Unexpected - 29/05/2009

Mathias Lemmens

The first decennium of the twenty-first century will not enter the historical records as an era of unparalleled growth and technological development, particularly in the fields of information and communication, but rather as the decade of undaunted short-term thinking. The total bankruptcy of former centrally-planned economies around 1990 fostered a mindset in which the vast majority of people embraced the intrinsic superiority of capitalism, and this whilst just two decades earlier any welcoming of the free market as an economic construct for guiding mankind?s ?support and demand? behaviour was considered most politically incorrect.
And in the wake of almost unrestrained faith in the benefits of private initiative, corporate expansion and shareholders value, Alexander the Great-type managers grasped their chance to clamber to the executive top of corporations. As you know, Alexander the Great, led by blind and excessive ambition, took just over ten years (334 ? 323 BC) to conquer a tremendous territory covering Greece, Egypt, Little Asia and the Middle East. The disintegration of this vast empire after his death in 323 BC took less than a decade. The similarities between his modus operandi and the behaviour of some contemporary executives are striking.
One of the main characteristics of short-term thinking is the hoisting to the zenith of instant gain while any associated long-term loss is either neglected or rigorously denied. Once these phenomena have presented, the label ?unexpected? becomes a frequently applied adjective. Take as example the public-transport cost-reduction efforts made in many countries by reducing the number of guards on trains and buses. The unwanted side-effect was not only an increase in fare-dodging, but also violence. Somehow it had been forgotten that checking the validity of tickets was a minor task compared to the effective presence of staff as shield against hostile passengers. Public transport was abandoned on a massive scale in favour of the private car, resulting in unexpectedly congested roads. What was won? You never see calculations of such negative spin-offs.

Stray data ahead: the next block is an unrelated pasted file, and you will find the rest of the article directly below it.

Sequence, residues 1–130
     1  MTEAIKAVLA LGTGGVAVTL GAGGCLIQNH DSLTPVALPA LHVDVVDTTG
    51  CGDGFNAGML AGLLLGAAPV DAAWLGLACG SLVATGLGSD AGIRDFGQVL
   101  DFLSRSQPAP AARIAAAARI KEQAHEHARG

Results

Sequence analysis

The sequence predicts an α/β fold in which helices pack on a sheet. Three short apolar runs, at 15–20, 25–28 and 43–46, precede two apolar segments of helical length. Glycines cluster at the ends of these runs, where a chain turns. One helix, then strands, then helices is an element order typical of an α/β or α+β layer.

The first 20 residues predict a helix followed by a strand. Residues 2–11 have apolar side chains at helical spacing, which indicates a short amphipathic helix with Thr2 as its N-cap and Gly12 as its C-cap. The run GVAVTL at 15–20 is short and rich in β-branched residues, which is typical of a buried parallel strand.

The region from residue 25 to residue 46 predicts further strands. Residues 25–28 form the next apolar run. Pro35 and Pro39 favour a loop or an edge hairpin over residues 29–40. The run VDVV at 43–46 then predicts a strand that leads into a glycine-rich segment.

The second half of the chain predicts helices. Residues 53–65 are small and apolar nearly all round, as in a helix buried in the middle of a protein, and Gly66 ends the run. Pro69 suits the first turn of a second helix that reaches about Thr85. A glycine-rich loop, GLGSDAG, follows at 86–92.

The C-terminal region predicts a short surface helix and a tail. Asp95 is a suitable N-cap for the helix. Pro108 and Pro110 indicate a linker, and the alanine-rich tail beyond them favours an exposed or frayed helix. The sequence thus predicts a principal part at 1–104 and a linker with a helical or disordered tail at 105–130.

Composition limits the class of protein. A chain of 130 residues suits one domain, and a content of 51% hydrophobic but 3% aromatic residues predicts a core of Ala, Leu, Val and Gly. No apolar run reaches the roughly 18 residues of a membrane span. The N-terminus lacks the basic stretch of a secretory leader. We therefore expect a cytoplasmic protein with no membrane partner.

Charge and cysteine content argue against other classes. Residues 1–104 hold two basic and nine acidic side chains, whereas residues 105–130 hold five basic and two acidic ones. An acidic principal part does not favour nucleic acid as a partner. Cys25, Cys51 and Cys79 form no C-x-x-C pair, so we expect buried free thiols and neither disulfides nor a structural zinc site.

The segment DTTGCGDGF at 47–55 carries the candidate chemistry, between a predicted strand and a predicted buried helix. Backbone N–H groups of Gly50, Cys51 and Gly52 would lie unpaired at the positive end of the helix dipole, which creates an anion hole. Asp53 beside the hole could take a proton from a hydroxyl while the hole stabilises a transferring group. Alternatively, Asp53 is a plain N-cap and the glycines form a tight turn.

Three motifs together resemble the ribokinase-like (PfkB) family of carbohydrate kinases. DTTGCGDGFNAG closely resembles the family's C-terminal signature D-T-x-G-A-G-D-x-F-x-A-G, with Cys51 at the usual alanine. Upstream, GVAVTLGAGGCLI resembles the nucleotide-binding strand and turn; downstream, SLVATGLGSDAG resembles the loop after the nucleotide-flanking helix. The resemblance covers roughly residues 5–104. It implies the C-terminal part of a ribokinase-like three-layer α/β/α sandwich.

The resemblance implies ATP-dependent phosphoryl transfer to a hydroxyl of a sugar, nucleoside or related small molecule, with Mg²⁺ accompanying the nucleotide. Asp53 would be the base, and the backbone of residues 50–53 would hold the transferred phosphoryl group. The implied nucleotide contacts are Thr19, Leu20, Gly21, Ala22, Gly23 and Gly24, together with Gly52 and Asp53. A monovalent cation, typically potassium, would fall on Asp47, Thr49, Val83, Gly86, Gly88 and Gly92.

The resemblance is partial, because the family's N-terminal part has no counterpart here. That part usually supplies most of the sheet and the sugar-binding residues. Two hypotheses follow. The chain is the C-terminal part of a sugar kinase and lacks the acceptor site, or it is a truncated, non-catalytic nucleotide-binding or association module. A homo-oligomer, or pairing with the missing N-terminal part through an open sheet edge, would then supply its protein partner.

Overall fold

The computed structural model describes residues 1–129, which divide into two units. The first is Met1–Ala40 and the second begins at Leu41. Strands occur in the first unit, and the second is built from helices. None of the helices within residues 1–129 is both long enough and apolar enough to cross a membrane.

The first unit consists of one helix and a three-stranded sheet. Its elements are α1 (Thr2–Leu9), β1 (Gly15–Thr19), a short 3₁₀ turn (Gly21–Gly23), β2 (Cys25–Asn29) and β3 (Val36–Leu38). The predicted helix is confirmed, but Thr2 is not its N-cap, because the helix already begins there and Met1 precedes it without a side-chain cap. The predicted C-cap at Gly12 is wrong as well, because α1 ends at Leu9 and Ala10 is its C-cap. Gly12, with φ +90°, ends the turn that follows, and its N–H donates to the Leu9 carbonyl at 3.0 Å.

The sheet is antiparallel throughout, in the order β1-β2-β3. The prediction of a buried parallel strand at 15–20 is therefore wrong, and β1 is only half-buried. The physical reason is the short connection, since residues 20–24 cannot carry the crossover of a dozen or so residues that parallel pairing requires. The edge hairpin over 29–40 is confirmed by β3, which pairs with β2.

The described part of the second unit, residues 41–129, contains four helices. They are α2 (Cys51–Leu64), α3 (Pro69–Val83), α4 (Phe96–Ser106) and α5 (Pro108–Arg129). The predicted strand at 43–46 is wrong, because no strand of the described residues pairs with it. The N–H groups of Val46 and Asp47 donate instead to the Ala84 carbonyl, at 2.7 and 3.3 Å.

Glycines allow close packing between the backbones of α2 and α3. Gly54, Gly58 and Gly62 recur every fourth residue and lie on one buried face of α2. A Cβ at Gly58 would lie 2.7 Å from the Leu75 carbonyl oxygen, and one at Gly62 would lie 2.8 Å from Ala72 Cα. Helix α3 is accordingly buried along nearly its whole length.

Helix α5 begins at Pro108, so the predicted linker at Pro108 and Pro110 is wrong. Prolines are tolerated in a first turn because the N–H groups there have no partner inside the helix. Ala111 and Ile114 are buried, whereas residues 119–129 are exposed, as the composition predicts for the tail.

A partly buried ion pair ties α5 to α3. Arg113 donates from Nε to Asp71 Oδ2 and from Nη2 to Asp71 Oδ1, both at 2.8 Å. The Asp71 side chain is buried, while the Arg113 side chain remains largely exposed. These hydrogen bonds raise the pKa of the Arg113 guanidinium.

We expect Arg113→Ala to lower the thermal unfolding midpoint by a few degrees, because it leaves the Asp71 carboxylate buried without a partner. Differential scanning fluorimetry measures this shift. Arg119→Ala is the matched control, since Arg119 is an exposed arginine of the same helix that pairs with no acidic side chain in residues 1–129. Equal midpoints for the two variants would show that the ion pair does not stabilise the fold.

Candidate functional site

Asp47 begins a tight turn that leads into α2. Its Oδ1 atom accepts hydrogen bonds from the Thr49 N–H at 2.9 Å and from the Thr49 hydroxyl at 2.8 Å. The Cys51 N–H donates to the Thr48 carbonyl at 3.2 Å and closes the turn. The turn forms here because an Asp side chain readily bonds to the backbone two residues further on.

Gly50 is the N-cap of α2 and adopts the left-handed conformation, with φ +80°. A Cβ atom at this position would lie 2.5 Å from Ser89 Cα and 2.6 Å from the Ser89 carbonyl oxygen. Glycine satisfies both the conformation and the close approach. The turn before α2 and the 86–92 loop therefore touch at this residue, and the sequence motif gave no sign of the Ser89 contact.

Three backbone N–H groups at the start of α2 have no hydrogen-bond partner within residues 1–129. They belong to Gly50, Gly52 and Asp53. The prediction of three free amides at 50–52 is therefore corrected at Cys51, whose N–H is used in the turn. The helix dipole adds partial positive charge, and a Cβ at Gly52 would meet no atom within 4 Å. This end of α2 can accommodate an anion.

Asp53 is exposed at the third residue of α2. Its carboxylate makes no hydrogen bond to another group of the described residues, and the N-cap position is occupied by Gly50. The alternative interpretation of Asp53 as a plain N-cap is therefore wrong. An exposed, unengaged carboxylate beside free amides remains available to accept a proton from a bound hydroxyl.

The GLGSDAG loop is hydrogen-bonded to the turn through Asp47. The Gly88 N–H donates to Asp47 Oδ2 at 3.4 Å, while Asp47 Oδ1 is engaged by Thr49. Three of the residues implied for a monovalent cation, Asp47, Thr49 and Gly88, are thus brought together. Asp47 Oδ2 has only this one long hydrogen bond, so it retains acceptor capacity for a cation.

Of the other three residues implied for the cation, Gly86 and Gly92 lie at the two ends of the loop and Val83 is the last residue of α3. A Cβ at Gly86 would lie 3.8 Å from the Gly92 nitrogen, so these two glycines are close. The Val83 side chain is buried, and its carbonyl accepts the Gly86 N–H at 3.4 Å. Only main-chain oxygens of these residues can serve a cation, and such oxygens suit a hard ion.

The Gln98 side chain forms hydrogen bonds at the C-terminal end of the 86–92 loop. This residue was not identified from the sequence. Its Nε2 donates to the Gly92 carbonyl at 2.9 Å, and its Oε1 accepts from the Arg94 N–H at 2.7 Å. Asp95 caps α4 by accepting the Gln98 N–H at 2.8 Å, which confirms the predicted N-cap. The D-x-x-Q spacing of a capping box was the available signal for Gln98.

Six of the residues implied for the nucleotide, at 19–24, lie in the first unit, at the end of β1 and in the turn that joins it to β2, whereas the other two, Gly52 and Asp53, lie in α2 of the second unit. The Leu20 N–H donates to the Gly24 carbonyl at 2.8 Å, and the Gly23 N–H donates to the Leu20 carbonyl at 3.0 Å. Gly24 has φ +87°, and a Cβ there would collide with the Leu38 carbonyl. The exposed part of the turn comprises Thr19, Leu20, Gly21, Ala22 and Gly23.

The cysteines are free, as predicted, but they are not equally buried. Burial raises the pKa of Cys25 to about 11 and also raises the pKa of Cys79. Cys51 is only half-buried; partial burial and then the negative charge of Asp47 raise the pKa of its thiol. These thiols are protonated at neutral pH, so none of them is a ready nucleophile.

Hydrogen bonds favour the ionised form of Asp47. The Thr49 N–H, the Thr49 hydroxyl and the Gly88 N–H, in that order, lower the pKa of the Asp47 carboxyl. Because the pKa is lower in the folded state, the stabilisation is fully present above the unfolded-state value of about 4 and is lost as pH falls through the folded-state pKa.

Short-term thinking in the economic wild-west period of the nineties triggered government agencies into transmuting themselves into privatised companies in the naïve belief that fair price-setting would be the automatic harvest of free competition. One unexpected outcome was that former government officials became transformed overnight into chief executive officers (CEOs) and so, in deference to their augmented standing, felt obliged to double or even centuple their own salaries. Murphy ?s Law dictates that everything that can go wrong, will. And how very wrong it all went! Instead of competence, haughtiness and verbal domination came to count, fostering the seed of a worldwide economic mess. It is time Alexander the Great-type ruling of the world be exchanged for good governance.
Last updated: 29/09/2015